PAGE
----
The Federal Trade Commission has run out of patience with Volkswagen and its advertising campaigns.
Today the FTC filed a complaint in federal court charging the auto giant with repeatedly making deceptive claims about its cars’ “clean diesel” features in a series of ad campaigns. The complaint urges the court to issue an order requiring the company to compensate American consumers “who bought or leased an affected vehicle between late 2008 and late 2015” while also preventing VW from making such false claims in future campaigns.
Last October, the organization announced it had joined forces with the EPA and the Justice Department to investigate these claims less than one month after the EPA issued a notice of violation regarding VW’s now-infamous TDI diesel engines. Today’s announcement specifically concerns a series of ads created by the Los Angeles offices of Deutsch, which has been VW’s U.S. creative agency of record since 2009. The agency did not immediately respond to a request for comment.
The complaint “was made because VW made widespread, demonstrably untrue claims that were material to the sales of all of its TDI vehicles,” said James Kohm, the associate director for the enforcement division of the Federal Trade Commission’s Bureau of Consumer Protection.
He added, “There were four kinds of claims that were problematic: that the cars were environmentally friendly; that they have low emissions including those of nitrogen oxide; that the vehicles would have high resale value when, in fact, now that the truth is known, they have extremely low resale value. … VW has admitted that they had a device in the car that was activated when it was undergoing an EPA admissions test and then dropped [total emissions] more aggressively.”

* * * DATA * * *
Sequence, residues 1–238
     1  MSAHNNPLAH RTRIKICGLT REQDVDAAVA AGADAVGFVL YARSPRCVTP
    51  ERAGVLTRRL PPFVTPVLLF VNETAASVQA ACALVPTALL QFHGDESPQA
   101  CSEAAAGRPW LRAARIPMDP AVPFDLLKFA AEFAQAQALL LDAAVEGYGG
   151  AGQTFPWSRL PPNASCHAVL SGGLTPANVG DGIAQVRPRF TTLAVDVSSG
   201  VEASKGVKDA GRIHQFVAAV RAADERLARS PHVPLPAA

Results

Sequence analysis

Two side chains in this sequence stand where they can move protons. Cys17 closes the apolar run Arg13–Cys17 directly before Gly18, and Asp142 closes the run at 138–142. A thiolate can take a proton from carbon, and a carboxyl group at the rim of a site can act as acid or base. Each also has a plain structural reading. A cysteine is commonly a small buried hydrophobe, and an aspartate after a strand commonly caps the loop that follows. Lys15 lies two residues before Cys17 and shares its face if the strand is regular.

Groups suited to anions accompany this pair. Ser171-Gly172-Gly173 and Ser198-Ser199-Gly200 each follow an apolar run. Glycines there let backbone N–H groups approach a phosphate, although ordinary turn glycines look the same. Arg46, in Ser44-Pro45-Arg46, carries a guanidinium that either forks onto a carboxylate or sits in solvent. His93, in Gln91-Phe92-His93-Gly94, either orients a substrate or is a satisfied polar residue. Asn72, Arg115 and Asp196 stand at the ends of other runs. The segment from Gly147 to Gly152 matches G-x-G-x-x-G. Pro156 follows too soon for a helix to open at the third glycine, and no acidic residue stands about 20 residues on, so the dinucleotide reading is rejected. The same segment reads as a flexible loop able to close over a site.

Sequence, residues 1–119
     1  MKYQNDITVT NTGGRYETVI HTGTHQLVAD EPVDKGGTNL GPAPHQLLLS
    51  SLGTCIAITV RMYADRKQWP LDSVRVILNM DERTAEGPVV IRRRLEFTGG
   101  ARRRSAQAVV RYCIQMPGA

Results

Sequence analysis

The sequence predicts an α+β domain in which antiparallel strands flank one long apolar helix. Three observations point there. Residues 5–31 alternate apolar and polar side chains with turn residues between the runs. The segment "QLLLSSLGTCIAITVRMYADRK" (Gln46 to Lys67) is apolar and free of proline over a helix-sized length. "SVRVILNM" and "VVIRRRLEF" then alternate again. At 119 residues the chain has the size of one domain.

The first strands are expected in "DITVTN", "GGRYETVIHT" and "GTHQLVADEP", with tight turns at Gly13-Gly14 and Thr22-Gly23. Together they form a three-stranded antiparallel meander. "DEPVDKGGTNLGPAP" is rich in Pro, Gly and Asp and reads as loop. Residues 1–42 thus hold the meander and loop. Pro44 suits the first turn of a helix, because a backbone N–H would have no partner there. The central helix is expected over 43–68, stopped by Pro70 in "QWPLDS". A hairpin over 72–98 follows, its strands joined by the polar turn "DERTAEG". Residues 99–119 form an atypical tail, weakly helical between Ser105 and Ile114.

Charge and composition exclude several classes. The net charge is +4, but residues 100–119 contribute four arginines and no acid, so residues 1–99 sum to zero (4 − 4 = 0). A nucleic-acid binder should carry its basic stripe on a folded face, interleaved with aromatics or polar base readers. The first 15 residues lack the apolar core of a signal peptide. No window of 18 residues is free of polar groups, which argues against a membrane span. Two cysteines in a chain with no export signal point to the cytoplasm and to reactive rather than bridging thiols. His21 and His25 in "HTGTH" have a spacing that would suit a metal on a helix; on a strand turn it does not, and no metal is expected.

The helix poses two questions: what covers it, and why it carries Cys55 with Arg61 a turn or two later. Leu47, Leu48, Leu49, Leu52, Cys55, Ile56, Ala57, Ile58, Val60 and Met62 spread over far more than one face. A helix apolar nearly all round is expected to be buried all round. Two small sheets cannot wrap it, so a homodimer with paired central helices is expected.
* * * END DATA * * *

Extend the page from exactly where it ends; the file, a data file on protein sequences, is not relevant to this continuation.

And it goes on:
The FTC did not outline a specific amount it wants VW to pay, leaving that question to the court. It stated the legal system should “award such additional relief as the Court finds necessary to redress injury to consumers resulting from Defendant’s violations of the FTC Act, including but not limited to, rescission or reformation of contracts, restitution, the refund of monies paid, and the disgorgement of ill-gotten monies.”
This judgment follows the FTC’s decision earlier this month to cite Lord & Taylor for failing to properly label a campaign that paid social media fashion influencers to promote its spring 2015 line.
“This was in some sense an easier case [than Lord & Taylor],” said Kohm. “It wasn’t a mistake; it was a device that had to be created on purpose, and the ads were completely public. It’s standard operating procedure, but this is a very large, significant case.”
As in the Lord & Taylor case, the FTC will continue to monitor Volkswagen’s advertising campaigns to ensure no further violations occur.
The company said it will continue to cooperate with the ongoing investigation. “Volkswagen has received the complaint and continues to cooperate with all relevant U.S. regulators, including the Federal Trade Commission,” a spokesperson told Adweek. “Our most important priority is to find a solution to the diesel emissions matter and earn back the trust of our customers and dealers as we build a better company.”
VW launched its first post-scandal ad campaign in the U.K. last month in the interest of moving on, but the issue seems far from over.
In January, New York attorney general Eric T. Schneiderman claimed that VW had refused to turn over documents related to his investigation of the emissions scandal. And a whistleblower who worked for the car maker in Detroit filed suit earlier this month, charging that Volkswagen fired him after he flagged a superior about the alleged destruction of evidence.
Kohm told Adweek that the FTC’s recent series of judgments does not hint at a more aggressive strategy. “It’s right up the alley of what we’ve been doing for the last several decades,” he said. “The FTC has, for a very long time under many administrations, been equally aggressive about false advertising complaints.”